The curtains or veils in Devin Harclerode’s Boundaries function both as (translucent) barriers and as a passageway. The first is a bead curtain—made from fingernails, herbs, shells, hair, and woven textiles—with a chain link fence pattern on top. The second appears like a log-cabin style quilt made of mesh and organza, and the third, like a fragile and delicate version of camouflage netting and fishing nets.

Hair—braided in small loops, functioning as rope, or loosely draping like a tassel—is a reoccurring theme and provokes a sense of the abject.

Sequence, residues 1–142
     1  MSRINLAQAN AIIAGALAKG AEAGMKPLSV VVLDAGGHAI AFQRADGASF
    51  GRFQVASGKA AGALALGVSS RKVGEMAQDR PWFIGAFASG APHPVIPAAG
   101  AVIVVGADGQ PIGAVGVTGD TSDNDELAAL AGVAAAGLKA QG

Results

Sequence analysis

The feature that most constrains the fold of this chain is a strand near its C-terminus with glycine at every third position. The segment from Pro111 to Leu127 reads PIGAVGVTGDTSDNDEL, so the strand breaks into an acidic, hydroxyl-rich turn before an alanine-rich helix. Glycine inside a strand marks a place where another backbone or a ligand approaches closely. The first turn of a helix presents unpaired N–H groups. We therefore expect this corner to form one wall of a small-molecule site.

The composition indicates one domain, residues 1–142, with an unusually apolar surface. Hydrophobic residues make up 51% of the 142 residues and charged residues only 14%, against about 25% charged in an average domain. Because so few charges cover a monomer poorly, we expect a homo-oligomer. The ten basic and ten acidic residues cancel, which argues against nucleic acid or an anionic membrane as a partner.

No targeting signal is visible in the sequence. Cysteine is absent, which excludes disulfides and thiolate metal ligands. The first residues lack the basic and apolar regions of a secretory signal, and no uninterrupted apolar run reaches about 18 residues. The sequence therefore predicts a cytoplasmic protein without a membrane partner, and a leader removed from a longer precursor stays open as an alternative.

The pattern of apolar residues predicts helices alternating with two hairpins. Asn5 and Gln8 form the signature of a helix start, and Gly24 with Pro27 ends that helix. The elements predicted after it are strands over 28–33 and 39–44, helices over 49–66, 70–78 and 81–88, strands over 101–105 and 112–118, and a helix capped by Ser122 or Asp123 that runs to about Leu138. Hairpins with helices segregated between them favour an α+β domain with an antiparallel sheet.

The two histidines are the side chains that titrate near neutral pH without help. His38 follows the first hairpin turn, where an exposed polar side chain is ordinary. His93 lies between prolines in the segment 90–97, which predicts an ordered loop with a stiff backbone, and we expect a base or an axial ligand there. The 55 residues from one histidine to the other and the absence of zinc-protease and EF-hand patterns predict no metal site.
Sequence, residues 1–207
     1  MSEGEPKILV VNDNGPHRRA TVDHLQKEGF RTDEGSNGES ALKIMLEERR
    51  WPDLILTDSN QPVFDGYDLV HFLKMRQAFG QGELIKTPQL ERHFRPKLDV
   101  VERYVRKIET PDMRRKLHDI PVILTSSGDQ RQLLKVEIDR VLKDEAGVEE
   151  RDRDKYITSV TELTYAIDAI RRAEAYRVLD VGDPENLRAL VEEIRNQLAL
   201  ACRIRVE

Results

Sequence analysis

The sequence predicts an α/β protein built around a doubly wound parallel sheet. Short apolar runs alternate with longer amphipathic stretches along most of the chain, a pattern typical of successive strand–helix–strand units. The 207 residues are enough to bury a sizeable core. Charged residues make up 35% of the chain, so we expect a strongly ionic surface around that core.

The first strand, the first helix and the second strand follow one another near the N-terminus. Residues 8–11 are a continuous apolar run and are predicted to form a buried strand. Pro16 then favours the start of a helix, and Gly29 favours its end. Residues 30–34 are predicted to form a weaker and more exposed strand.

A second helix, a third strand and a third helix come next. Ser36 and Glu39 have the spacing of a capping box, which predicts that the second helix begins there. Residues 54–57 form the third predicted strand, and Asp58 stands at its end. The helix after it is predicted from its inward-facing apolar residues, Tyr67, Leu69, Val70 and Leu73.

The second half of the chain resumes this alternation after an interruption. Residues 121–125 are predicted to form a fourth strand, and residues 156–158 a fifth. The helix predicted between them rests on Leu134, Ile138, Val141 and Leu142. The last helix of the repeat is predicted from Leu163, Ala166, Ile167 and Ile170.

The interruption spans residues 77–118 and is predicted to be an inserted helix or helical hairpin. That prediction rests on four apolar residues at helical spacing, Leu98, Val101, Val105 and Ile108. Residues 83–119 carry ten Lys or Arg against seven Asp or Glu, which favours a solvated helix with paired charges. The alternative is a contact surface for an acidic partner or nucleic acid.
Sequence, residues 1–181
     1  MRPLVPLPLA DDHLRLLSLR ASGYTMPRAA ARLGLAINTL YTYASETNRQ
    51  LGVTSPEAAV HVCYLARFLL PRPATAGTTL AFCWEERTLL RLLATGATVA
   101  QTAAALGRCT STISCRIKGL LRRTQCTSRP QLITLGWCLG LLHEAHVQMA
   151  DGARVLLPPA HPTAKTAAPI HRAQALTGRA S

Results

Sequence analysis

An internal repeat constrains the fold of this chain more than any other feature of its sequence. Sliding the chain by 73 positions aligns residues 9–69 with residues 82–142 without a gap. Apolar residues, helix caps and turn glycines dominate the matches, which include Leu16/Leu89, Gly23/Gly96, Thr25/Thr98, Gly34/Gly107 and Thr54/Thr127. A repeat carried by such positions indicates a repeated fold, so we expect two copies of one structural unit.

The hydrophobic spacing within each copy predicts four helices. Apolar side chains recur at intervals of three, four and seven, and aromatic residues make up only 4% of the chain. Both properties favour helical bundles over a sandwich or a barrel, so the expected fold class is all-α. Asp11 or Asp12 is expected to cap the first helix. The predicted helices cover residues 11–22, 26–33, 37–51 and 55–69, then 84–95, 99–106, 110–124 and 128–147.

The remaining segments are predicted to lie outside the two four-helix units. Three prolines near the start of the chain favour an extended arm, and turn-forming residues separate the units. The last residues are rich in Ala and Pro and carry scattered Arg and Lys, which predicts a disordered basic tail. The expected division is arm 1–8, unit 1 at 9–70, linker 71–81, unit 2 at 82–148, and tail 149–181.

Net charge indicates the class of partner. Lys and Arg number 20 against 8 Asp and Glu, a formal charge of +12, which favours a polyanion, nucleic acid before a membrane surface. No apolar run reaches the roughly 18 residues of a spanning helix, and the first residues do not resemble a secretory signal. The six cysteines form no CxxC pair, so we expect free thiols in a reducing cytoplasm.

For Harclerode, the curtains refer to larger social barriers created by history, legislation, and gender binaries that code, police, oppress, and essentialize bodies into set behaviors.


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